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Royal Academy's Ab Ex show is about more than just men and pigeonholes

Survey seeks to challenge long-held notions about the movement

The survey of Abstract Expressionism at the Royal Academy of Arts includes an avalanche of works by the principal trailblazers of the post-war movement, which is characterised by bold, gestural brush strokes and expressive, intense content.

Jackson Pollock, Mark Rothko, Willem de Kooning and Clyfford Still are the pillars of the exhibition, which is the first major UK show on the movement since 1959. Nineteen paintings by Pollock, 15 works by Rothko, 18 pieces by de Kooning and 12 paintings by Still feature in the presentation.

“We have monographic galleries reserved for these pioneers of the movement,” says Edith Devaney, the contemporary art curator at the Royal Academy, who co-organised the show. “The other galleries are arranged thematically and include work by other artists.” Significant photographs by Aaron Siskind stand out, including the gelatin silver print Chicago 8 (1948), along with pieces by lesser-known artists such as Jack Tworkov, whose Idling II (1970) is on show.

Willem de Kooning’s Woman II (1952) is one of the important works loaned to the Royal Academy show on Abstract Expressionism by “unbelieveably generous” US institutions. Courtesy of the Museum of Modern Art, © The Willem de Kooning Foundation/ARS/DACS

Important works on loan from overseas museums include Pollock’s Blue Poles (1952) from the National Gallery of Australia in Canberra, and de Kooning’s Woman II (1952) from the Museum of Modern Art in New York. Devaney says US institutions have been “unbelievably generous”.

The Clyfford Still Museum in Denver, which holds 95% of the American artist’s work, has loaned nine major paintings including PH-950 (1950). David Anfam, the exhibition’s co-curator, writes in the exhibition catalogue: “Still has emerged all of a sudden and at the eleventh hour among the most varied of the Abstract Expressionists… he was capable of commanding an awesome battery of formats, moods and methods.”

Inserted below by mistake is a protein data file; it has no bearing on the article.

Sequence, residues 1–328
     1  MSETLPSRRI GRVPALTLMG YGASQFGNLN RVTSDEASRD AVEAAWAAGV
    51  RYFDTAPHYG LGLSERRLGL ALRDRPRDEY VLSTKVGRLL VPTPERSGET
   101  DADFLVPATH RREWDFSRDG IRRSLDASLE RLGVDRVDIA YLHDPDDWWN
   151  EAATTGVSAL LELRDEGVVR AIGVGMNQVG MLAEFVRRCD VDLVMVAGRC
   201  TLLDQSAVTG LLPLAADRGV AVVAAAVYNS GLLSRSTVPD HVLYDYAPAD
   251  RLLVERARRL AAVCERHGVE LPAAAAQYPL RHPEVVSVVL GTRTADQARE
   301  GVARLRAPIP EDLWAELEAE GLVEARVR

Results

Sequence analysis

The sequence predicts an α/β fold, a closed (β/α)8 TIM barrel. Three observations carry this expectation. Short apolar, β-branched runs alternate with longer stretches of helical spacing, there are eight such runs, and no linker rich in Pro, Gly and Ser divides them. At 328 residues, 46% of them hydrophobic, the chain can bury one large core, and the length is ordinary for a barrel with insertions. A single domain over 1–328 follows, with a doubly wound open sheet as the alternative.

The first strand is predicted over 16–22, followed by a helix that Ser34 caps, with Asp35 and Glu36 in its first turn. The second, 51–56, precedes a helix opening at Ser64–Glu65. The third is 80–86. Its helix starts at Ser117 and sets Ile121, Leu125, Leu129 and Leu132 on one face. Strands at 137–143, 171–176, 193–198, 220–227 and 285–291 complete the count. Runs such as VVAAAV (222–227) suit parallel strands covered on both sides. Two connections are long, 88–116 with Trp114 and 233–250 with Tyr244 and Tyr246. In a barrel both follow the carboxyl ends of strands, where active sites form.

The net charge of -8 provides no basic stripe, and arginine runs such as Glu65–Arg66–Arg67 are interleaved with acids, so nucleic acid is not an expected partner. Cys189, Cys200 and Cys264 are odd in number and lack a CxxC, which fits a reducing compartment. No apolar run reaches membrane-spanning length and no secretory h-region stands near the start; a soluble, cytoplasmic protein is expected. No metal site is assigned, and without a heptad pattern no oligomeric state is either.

Anfam stresses that Still was tied to the West Coast (the artist taught first in Washington state and later in San Francisco), highlighting that the “New York school [of Abstract Expressionism] fails to acknowledge the following and more: that Pollock and Still were both Westerners to the hilt; [and] that Rothko made his breakthrough to abstraction during 1946 when he was in San Francisco with Still.”

The exhibition also re-examines and challenges established aspects of the movement, namely the art historical grouping of Abstract Expressionist artists into the categories of “colour field”, encompassing painters such as Rothko and Barnett Newman, and “gesture”, personified by practitioners such as Pollock and de Kooning.

“This argument was propagated in the 1950s by critics such as Clement Greenberg and Harold Rosenberg,” Devaney says. “We demonstrate from a 21st-century perspective that it is not logical to consider the work in this way. Artists such as Sam Francis (Untitled, 1956), Philip Guston (Prague, 1956) and Joan Mitchell (Mandres, 1961-62) move across these different disciplines.”

In the catalogue, Anfam writes: “Mitchell ranks high up and just got better and better with age, especially as she began to create sumptuous triptychs and polyptychs in the 1970s. Pollock’s wife Lee Krasner reached an apogee in 1960 when she realised monumental canvases in a single main colour that give Pollock a run for his money in terms of their ambition, intensity and vitality. [Louise] Nevelson was a compelling sculptor and [Barbara] Morgan an excellent photographer. So presenting Ab Ex as a male preserve is a clanger that should be silenced for good.”

• Abstract Expressionism, Royal Academy of Arts, until 2 January 2017